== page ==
The brothers had the opportunity to talk and enjoyed some wine they got from a civilian. Boerger stayed the night with his brother in a foxhole before returning to his division in the morning.
Boerger said he often is asked what the scariest moment was for him, and he recalls a time when the aid station was surrounded by Germans.
“We were surrounded by Germans, and they called in U.S. tanks to come and shoot the Germans because they were well protected from gunfire,” Boerger said. “The tanks came and they got around and the Germans started leaving, but they had an armor-piercing shell — most shells had a detonator on the end and when they’d hit something, they’d explode — this had an armor piercing shell and they’d hit the tracks of the tank so it couldn’t move.”
The Germans struck the tank with an armor-piercing shell, and Boerger was called over to the tank to help a soldier that was wounded from the shell. After a struggle to get the man out of the tank - they had to hook him to a tow cable to get him out - Boerger saw the extent of the soldier’s injuries.
“Finally we raised him up, and the shell went right below his knee and just the skin was hanging there,” Boerger said. “We got him back to the station and the captain said, ‘Well, he lost his leg.’ He (the captain) took a surgical knife and he cut the skin — the bone was already broke — and he handed me the leg.”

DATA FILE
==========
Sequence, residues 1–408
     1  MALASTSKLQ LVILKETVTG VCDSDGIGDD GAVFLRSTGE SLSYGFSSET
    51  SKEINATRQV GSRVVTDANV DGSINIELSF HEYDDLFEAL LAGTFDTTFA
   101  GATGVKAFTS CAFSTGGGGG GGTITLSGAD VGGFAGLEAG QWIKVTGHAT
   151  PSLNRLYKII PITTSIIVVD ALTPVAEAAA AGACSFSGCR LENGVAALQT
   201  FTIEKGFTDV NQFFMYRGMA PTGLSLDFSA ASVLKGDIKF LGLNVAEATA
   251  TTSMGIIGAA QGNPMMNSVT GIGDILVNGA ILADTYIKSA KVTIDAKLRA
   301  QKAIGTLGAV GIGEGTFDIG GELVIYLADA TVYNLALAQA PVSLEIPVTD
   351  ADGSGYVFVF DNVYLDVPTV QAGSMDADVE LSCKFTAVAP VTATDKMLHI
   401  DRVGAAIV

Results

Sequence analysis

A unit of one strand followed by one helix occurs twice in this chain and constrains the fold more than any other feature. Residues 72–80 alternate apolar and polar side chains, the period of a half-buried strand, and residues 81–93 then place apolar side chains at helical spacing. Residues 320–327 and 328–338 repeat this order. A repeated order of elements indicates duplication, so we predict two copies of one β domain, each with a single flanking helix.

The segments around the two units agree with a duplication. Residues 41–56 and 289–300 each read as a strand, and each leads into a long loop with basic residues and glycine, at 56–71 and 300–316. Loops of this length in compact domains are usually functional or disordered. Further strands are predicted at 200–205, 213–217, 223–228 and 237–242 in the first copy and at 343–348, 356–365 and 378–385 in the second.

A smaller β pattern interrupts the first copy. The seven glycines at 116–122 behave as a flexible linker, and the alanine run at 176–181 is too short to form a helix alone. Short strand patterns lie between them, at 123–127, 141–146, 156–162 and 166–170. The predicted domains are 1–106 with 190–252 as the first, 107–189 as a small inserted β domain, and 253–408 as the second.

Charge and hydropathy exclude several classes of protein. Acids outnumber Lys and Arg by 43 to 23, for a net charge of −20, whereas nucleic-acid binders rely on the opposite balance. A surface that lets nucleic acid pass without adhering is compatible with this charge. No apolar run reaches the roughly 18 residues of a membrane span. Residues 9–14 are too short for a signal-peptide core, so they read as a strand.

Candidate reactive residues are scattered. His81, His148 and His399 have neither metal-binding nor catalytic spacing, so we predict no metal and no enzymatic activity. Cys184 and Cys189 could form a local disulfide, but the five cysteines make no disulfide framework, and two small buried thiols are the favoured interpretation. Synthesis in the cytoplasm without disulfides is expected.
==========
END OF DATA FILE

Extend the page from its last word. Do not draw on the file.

Boerger was told to go bury the leg right side up because if the leg was not laid to rest peacefully, the soldier would experience pain the remainder of his life. Boerger noted that he told the story to a class of students who said it was gory.
“That was part of your duty,” Boerger said. “It was all a part of army life.”
Boerger was officially discharged on Oct. 1, 1945, after serving on six campaigns during World War II. Boerger said he arrived back in the United States a week before he was officially discharged.
“After I was home, they were so busy with discharge papers, I had seven days to report back to camp to get my discharge papers because they were so busy,” he said.
Boerger went home during that week and attended a dance.
“During those seven days I was home, I wore my uniform,” Boerger said. “I went to a dance in Minster and I met a lady, and we’ve been married 62 years now. I was very fortunate to meet her.”
Boerger said he was proud of what he had done and of his time serving in the U.S. Army. He now enjoys reminiscing about the good times with friends at the American Legion and has spoken about his experiences to area groups and school classes. Boerger noted that of all the men that he left the United States with, only three returned home together.
“Out of the ones we originally went oversees with, only three of us went back home together,” he said. “The rest of them got wounded or passed away.”
Boerger recited a daily prayer while he was serving and said he thinks he had help to make him one of the three men that made it back unharmed.
“I had a daily prayer they had issued to us when we were in the Army, which we could carry with us, and I said that prayer everyday,” he said. “I think I got help from somewhere to pull through all that, and I really appreciate that.”